Porträt eines Süchtigen als junger Mann
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Porträt eines Süchtigen als junger Mann

3.61 of 5 stars 3.61  ·  rating details  ·  1,927 ratings  ·  297 reviews
Bill Clegg hatte alles: eine aufstrebende Literaturagentur - er ist der Entdecker solch renommierter Autoren wie Nicole Krauss und Andrew Sean Greer -, einen wunderbaren Lebensgefährten, Anerkennung und Erfolg. Aber alles, was er wollte, war Crack. Er war gerade dreißig, als er plötzlich nicht mehr in seinem Büro auftaucht, und niemand wusste, wo er ist. Was folgt, ist ein...more
ebook, 272 pages
Published by S. Fischer Verlag (first published January 1st 2010)
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(showing 1-30 of 3,000)
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Tayari Jones
This book was pretty engaging. There is a train-wrecky appeal and Clegg is pretty good with phrase. (I especially liked it when he described a woman's accent as "tricky.")

I would have liked it better if he had really reflected on the way his race/class kept him out of jail. While I was really fascinated by the idea that there are secret crack addicts everywhere, Clegg could have been omre reflective about the fact that addicts who can't check into Manhattan hotels to get high and order vodka for...more
Wendy S.
Sure I read it (hence two stars), and I read it quickly because 1) I'm addicted to books about screw ups, AND 2) I'm constantly looking for something that will make me feel differently about this particular disease. This "memoir" makes me sick. I don't care about Bill Clegg's self-indulgent childhood issues. In fact, they bore me. He comes across as an insecure, egotistical name-dropper who clearly has a long way to go if in fact he is still "recovering." Much like all books about addiction, my...more
When I read the sentence, "At the very center of things and at the farthest edge," I was hooked. How many of us have felt this way? This isn't your typical "how I overcame my drug addiction memoir." Bill Clegg explains in detail his descent into crack madness and his overwhelming guilt in letting his family, friends and basically, everyone he knows down. Except, unlike most, he is addicted to crack and doesn't care about making amends or the consequences or losing his life. It doesn't matter. On...more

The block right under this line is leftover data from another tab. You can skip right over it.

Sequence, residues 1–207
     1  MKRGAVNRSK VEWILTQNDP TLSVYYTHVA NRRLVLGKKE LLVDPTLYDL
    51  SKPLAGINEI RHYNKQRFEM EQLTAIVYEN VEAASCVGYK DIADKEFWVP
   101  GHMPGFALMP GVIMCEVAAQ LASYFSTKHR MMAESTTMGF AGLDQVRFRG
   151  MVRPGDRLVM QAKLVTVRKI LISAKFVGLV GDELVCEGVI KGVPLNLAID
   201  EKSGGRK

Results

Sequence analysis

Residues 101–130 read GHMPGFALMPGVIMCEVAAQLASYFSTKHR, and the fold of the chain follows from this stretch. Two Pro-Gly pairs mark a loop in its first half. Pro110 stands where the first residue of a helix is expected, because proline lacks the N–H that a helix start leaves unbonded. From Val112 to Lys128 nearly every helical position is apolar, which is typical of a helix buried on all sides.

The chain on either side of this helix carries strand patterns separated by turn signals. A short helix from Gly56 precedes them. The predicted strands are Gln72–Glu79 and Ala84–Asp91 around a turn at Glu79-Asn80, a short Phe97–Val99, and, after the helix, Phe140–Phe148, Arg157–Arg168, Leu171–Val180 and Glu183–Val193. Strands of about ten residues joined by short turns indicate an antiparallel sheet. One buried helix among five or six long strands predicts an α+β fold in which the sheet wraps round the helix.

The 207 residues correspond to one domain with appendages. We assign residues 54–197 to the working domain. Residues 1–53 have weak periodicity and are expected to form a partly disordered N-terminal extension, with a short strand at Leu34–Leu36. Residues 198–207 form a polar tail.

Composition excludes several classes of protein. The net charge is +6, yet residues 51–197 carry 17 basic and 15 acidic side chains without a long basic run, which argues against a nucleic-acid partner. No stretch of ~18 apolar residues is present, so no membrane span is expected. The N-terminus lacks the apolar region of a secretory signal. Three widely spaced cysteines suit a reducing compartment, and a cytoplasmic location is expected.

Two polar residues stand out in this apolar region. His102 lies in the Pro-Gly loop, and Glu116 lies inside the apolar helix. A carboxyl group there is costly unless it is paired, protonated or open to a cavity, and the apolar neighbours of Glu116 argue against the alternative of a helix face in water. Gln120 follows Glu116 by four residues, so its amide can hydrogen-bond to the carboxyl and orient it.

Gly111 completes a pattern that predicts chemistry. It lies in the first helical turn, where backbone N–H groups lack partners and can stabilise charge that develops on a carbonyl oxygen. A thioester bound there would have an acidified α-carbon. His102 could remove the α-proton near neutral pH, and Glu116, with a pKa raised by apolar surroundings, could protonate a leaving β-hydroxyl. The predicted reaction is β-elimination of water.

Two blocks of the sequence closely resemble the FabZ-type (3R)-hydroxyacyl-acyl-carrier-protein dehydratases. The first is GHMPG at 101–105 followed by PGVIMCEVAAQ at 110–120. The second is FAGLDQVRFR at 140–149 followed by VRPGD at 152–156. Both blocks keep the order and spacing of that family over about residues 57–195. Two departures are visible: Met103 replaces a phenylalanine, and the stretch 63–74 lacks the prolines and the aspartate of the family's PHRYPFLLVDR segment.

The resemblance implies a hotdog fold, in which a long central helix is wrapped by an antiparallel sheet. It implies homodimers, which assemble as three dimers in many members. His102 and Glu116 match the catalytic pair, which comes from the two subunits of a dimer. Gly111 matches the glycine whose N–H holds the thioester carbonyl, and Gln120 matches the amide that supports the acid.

"It doesn't feel the least bit wrong in those first seconds after exhaling the familiar smoke, no more than a reunion with an old friend, a returning to the most incredible conversation I've ever had, one that got interrupted seven months ago and, now that it's started up again, hasn't skipped a beat. But it's more than just a conversation, it's the best sex. The most delicious meal, the most engrossing book-it's like returning to all of these at once, coming home, and the primary feeling I have...more
Harrowing, with a can't-look-away-oh-god-I-want-to-look-away quality that fairly pulls the reader through the pages. I know crack addicts but haven't read any accounts of the addiction from the inside, and I found Clegg to be adept at giving a sense of what serious substance abuse must be like for the user. The rampant paranoia, the way the drug extends and collapses time, the peaks of the highs versus the plunges into the blackest of lows—he nails all of this with an unflinching eye, and withou...more